According to a guest piece in yesterday’s TechCrunch by Vivek Wadhwa, immigrant workers in the US on H1B visas (those issued to highly skilled professionals) would create a lot more American jobs if the government would reduce restrictions on this visa class.
Consider for a moment that between 1995-2005, one-quarter of all technology and engineering startups in the US were created by immigrants; 52% of the companies in Silicon Valley were founded by non-US born workers. These so-called “immigrant-founded” companies employed 450,000 workers in the US in 2005. In 2006, more than 25% of US global patents had foreign-born authors.
The US only makes 60,000 H1B visas available each year. For years, US employers, especially those in the high-tech industry have been asking the government to increase this limit — not to take jobs away from Americans, but rather to fill positions with qualified individuals. Additionally, foreign workers on the H1B visa must wait years for that visa to turn over into a green card (permanent residence). During that time talented workers remain in jobs that they may actually become overqualified for or they grow frustrated and return home, becoming “unwilling competitors” to the US companies that trained them.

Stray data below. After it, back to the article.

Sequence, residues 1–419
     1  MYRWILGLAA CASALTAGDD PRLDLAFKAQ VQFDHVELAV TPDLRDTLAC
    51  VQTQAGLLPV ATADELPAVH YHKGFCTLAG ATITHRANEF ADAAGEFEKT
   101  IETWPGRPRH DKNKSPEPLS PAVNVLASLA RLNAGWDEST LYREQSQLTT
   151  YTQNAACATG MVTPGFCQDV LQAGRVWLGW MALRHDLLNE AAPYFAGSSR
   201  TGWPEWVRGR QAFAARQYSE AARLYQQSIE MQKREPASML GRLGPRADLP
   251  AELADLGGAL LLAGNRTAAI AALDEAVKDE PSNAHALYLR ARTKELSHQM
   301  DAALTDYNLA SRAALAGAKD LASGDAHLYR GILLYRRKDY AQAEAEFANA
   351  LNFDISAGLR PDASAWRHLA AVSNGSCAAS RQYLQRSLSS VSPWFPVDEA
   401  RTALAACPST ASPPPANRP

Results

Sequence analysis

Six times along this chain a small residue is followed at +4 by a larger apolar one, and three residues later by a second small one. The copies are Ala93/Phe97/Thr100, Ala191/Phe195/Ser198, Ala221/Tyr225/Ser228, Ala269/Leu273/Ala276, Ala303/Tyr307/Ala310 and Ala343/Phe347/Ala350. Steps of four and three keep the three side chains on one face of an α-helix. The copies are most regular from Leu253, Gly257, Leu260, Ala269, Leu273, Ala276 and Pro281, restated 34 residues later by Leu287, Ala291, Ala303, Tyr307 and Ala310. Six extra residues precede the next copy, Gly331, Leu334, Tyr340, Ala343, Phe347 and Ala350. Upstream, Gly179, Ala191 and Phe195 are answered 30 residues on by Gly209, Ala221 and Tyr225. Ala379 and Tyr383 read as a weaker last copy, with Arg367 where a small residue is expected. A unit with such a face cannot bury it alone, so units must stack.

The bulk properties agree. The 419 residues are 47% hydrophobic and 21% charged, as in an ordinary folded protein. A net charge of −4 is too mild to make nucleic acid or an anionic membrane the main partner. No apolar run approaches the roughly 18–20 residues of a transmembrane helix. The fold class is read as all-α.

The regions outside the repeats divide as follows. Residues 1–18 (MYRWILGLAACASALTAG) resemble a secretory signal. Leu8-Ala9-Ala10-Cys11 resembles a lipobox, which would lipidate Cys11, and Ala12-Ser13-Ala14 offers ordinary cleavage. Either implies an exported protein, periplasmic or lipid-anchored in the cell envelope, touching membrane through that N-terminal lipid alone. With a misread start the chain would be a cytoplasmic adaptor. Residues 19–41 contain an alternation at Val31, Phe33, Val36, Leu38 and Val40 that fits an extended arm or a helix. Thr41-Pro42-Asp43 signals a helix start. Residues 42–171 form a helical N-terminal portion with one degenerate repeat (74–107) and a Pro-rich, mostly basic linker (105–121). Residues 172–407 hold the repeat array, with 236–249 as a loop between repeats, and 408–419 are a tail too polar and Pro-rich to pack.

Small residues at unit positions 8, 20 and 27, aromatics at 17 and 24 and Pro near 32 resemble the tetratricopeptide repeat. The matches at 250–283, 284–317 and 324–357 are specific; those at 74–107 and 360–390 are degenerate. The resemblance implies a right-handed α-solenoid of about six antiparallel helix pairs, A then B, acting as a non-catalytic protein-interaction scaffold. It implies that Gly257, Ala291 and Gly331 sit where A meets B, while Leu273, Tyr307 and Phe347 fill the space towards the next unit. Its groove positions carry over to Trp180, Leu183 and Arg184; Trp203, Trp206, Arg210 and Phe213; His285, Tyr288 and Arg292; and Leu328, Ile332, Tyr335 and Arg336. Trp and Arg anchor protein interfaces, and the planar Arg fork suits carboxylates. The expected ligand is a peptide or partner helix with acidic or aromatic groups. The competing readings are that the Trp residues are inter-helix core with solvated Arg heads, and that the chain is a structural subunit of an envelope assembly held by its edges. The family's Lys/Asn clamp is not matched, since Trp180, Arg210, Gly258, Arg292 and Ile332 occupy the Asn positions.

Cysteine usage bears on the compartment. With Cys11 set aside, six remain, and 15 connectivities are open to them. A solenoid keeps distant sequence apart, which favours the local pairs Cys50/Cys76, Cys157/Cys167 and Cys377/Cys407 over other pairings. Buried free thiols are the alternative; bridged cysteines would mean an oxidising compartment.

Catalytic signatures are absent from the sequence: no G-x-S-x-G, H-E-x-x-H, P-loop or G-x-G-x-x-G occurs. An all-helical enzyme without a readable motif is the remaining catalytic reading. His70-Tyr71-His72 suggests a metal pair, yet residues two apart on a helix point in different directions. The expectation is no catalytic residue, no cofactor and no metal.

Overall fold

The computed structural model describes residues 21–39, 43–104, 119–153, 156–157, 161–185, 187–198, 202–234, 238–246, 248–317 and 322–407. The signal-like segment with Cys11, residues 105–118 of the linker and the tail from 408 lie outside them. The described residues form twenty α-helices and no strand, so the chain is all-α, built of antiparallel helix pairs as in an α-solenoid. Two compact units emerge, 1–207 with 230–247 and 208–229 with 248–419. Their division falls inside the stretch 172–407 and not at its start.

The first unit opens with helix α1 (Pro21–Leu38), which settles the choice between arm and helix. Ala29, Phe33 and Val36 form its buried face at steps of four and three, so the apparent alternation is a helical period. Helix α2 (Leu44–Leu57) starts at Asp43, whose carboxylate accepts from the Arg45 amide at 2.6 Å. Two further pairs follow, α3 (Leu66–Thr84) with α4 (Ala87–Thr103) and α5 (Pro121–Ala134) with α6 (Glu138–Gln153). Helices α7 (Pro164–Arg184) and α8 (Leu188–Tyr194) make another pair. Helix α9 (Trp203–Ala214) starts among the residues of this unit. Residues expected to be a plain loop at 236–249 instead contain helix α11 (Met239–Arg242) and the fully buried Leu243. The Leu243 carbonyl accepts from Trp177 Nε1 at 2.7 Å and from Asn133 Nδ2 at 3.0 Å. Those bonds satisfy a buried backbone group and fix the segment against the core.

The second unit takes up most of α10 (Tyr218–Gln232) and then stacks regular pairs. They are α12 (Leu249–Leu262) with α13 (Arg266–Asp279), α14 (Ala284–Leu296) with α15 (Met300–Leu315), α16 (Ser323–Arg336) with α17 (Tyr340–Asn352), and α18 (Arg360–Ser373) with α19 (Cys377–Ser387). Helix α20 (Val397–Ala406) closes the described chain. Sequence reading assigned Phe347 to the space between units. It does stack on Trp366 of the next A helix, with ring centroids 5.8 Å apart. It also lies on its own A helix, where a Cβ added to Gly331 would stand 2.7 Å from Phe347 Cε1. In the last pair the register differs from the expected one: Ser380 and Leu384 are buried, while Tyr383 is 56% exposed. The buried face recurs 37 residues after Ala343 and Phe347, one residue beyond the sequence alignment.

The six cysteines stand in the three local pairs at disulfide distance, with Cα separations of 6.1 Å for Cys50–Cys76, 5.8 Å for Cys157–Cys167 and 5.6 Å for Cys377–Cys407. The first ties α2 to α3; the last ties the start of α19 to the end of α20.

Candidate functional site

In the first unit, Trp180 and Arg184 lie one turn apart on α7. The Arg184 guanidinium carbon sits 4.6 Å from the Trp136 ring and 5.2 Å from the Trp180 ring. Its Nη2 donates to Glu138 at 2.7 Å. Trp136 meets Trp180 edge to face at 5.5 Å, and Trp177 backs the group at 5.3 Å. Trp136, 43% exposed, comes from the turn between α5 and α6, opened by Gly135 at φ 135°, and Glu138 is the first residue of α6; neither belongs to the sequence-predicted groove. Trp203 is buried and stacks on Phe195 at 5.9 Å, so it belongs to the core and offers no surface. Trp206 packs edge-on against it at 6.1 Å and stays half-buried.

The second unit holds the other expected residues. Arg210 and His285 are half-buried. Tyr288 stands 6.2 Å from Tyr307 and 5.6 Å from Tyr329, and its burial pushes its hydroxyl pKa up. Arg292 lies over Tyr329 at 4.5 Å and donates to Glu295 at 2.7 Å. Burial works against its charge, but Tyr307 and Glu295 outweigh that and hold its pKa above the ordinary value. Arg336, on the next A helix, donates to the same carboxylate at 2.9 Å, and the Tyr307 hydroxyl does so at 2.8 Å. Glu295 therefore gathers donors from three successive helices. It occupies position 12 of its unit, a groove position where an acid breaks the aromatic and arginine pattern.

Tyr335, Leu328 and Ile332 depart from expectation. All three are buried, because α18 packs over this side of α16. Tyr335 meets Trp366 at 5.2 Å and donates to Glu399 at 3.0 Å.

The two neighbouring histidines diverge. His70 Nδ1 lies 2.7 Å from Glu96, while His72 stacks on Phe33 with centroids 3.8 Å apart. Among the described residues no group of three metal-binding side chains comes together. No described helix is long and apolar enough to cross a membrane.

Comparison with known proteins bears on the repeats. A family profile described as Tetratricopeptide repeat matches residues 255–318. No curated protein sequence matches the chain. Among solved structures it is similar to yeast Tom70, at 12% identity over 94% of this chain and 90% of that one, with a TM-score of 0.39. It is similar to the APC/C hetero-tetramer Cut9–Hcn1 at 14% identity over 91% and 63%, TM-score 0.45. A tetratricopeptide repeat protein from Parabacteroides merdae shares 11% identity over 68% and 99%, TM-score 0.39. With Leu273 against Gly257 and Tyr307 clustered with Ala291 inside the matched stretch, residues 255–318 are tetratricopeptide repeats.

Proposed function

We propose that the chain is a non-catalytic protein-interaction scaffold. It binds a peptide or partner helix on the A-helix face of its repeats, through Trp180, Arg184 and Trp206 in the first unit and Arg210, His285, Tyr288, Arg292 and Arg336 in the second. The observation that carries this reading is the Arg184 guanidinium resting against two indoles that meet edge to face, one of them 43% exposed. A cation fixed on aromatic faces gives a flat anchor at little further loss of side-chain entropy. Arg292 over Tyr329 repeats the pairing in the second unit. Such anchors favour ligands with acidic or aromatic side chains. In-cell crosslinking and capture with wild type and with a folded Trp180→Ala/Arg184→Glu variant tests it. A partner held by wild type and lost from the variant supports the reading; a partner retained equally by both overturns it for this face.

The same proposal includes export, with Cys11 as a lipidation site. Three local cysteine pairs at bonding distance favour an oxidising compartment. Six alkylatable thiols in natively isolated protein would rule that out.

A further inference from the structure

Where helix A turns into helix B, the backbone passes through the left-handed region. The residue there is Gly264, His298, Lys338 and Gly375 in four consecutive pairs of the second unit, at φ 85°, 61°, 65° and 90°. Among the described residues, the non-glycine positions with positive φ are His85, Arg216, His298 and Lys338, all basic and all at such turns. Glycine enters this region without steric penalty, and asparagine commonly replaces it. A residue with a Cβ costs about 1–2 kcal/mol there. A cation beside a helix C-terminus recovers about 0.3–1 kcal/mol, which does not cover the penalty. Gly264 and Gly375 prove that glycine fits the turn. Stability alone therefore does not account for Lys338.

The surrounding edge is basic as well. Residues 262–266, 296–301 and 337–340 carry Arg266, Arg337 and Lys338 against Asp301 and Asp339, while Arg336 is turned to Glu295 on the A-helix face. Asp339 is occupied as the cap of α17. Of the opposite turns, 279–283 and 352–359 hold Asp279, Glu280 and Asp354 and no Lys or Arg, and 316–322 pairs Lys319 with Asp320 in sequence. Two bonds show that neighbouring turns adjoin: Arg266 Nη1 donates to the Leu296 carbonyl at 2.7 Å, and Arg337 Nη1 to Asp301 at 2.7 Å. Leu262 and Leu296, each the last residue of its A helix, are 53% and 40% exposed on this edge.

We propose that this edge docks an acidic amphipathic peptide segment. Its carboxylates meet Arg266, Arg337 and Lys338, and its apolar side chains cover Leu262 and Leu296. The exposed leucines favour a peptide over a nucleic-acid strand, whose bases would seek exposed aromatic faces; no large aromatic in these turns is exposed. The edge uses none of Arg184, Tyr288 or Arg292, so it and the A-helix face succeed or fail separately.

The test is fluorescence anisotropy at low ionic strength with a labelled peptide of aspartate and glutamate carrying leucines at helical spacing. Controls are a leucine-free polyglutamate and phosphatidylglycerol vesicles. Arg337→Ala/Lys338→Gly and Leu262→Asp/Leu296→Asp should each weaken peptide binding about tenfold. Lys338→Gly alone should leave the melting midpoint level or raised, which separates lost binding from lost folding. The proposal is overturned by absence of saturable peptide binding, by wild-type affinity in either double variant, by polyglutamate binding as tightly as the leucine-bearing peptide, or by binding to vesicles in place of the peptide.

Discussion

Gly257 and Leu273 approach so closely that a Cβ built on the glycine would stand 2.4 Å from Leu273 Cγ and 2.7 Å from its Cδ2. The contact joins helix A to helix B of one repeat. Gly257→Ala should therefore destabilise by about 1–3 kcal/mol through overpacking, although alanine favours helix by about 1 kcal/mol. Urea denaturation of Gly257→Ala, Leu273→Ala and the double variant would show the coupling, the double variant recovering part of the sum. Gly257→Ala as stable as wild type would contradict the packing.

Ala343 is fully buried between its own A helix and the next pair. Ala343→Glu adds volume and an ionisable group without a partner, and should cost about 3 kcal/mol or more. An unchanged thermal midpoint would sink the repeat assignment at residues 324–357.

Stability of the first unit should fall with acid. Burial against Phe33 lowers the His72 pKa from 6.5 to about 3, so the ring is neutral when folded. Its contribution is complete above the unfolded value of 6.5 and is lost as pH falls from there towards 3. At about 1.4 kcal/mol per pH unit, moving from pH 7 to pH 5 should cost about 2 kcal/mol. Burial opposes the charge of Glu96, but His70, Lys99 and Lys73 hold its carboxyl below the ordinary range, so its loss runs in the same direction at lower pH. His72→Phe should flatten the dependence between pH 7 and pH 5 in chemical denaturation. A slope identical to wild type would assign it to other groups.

Typically, workers with an H1B visa cannot start a new business in America. The TechCrunch piece argues that they should be able to because their startups would create more new American jobs. These immigrants could be rewarded for their efforts to boost the US economy with a faster track to a green card, and thus free up H1B visa slots for a new pool of talented foreign workers that could continue to help the US economy recover and prosper. (Read more)